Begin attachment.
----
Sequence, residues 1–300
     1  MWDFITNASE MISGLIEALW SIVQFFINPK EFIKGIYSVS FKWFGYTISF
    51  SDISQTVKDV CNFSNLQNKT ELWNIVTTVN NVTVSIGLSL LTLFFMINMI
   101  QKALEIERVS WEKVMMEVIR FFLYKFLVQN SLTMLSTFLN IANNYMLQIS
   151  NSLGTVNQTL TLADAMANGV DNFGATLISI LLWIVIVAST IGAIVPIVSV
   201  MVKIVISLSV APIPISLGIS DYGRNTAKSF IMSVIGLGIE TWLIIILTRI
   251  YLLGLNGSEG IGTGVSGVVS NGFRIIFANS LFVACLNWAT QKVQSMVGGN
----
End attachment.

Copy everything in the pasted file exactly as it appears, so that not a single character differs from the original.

Sequence, residues 1–300
     1  MWDFITNASE MISGLIEALW SIVQFFINPK EFIKGIYSVS FKWFGYTISF
    51  SDISQTVKDV CNFSNLQNKT ELWNIVTTVN NVTVSIGLSL LTLFFMINMI
   101  QKALEIERVS WEKVMMEVIR FFLYKFLVQN SLTMLSTFLN IANNYMLQIS
   151  NSLGTVNQTL TLADAMANGV DNFGATLISI LLWIVIVAST IGAIVPIVSV
   201  MVKIVISLSV APIPISLGIS DYGRNTAKSF IMSVIGLGIE TWLIIILTRI
   251  YLLGLNGSEG IGTGVSGVVS NGFRIIFANS LFVACLNWAT QKVQSMVGGN